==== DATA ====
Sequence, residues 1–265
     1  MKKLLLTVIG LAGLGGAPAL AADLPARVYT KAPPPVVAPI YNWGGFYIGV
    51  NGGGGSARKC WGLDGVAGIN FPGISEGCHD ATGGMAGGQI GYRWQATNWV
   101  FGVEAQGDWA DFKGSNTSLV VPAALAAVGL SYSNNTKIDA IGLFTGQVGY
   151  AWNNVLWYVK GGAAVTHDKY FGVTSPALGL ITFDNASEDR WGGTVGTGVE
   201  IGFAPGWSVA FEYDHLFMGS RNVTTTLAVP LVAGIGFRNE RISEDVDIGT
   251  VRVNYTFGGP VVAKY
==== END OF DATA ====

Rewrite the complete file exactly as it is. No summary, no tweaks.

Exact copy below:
Sequence, residues 1–265
     1  MKKLLLTVIG LAGLGGAPAL AADLPARVYT KAPPPVVAPI YNWGGFYIGV
    51  NGGGGSARKC WGLDGVAGIN FPGISEGCHD ATGGMAGGQI GYRWQATNWV
   101  FGVEAQGDWA DFKGSNTSLV VPAALAAVGL SYSNNTKIDA IGLFTGQVGY
   151  AWNNVLWYVK GGAAVTHDKY FGVTSPALGL ITFDNASEDR WGGTVGTGVE
   201  IGFAPGWSVA FEYDHLFMGS RNVTTTLAVP LVAGIGFRNE RISEDVDIGT
   251  VRVNYTFGGP VVAKY